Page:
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Should those suffering with coronavirus be allowed to make oral wills during the pandemic?

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In these strange and unprecedented circumstances Ministers have been urged to use their emergency powers to relax the laws governing the execution of wills during the coronavirus pandemic.  Some campaigners argue those suffering from coronavirus should be allowed to make oral wills, in the same way soldiers and sailors can in some circumstances.

The current rules surrounding oral wills

At present a valid oral will can be made by a soldier in actual military service or by a sailor at sea, whether or not they are over the age of 18, making an oral declaration (s.11 Wills Act 1837).  Evidence of the terms and validity of that oral will would then be submitted to the Probate Registry on death. 

The proposal that those suffering with coronavirus, whether in hospital or not, should be allowed to make oral wills leaves the testator and their families vulnerable to a multitude of potential accusations including those of undue influence, lack of mental capacity and that the terms of the oral declaration were not accurately reported along with the risk that a written will may be incorrectly proved due to lack of knowledge of a later oral will.

The current rules surrounding written wills

For all those other than a soldier in actual military service or a sailor at sea a valid will must be made by a person over the age of 18 and must be written.  The person making the will (“the Testator”) and the two independent adult witnesses must then execute the will.  In order for the will to be valid the Testator and the two independent adult witnesses must all be physically present at the same time with the witnesses first seeing the Testator sign the will and with the Testator then seeing the witnesses sign the will (s.9 Wills Act 1837).  This, of course, causes substantial issues within the current lockdown situation!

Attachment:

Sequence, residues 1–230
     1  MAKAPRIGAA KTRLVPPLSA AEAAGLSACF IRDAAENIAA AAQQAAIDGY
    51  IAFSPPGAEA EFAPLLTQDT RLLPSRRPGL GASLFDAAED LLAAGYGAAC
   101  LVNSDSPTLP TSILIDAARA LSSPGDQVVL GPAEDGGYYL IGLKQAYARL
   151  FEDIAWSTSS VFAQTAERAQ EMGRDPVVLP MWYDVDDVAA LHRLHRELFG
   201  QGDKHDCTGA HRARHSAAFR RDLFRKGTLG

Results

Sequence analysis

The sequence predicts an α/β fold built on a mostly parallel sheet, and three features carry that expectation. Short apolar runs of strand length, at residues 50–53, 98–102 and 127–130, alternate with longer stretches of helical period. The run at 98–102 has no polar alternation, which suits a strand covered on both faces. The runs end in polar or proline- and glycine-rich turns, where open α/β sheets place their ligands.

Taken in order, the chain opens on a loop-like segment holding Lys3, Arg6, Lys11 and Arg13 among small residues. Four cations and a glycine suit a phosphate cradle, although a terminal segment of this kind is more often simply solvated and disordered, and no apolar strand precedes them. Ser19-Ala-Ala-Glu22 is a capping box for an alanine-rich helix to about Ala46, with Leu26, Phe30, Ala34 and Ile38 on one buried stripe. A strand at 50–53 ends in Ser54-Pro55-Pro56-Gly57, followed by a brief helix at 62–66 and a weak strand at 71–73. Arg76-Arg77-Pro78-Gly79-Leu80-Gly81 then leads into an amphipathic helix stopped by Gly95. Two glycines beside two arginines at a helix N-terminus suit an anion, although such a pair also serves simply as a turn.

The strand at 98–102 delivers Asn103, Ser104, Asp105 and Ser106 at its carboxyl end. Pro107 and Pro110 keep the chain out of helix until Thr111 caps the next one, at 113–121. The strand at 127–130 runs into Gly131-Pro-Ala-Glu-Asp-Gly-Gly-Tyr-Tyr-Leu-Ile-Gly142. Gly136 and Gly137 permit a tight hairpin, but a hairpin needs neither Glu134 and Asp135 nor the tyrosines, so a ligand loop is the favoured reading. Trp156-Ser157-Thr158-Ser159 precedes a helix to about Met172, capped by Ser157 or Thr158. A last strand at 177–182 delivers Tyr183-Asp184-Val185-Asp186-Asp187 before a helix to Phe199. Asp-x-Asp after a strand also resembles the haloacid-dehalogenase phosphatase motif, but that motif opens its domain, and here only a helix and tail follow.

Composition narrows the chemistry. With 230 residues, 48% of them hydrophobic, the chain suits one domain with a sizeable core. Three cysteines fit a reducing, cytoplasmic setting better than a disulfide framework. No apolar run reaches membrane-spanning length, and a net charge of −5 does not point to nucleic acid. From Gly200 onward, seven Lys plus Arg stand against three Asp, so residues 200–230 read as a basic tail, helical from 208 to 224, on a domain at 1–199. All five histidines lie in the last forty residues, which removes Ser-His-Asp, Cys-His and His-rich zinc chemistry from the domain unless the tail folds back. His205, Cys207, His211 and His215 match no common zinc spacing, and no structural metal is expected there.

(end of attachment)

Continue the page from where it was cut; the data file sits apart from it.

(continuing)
How to make a valid will in lockdown

Whilst it is clear witnessing a will via video messaging does not fulfil the requirement, under current legislation, for being physically present there is case law from 1781, Casson v Dade, which confirms witnessing a will through a window is sufficient provided there is an unobstructed line of sight.  As such, the Testator signing their will in front of a window with two independent adult witnesses on the other side of the window who watch the Testator sign the will with a clear and unobstructed view before the Testator posts the Will through the window for the two independent adult witnesses to sign whilst the Testator watches should satisfy the requirements for valid execution of a Will, based on this historic case law.

This is, however, far from ideal particularly if the Testator is in hospital suffering from the coronavirus.  Clearly there is a substantial and urgent need for the current law governing wills, which dates back to 1837, to be modernised perhaps to include the removal of the requirement for “physical presence” of the witnesses allowing for witnessing via video messaging.  This would ensure the safety of the Testator and witnesses whilst also allowing the Testator the peace of mind in knowing his wishes will be carried out should death occur.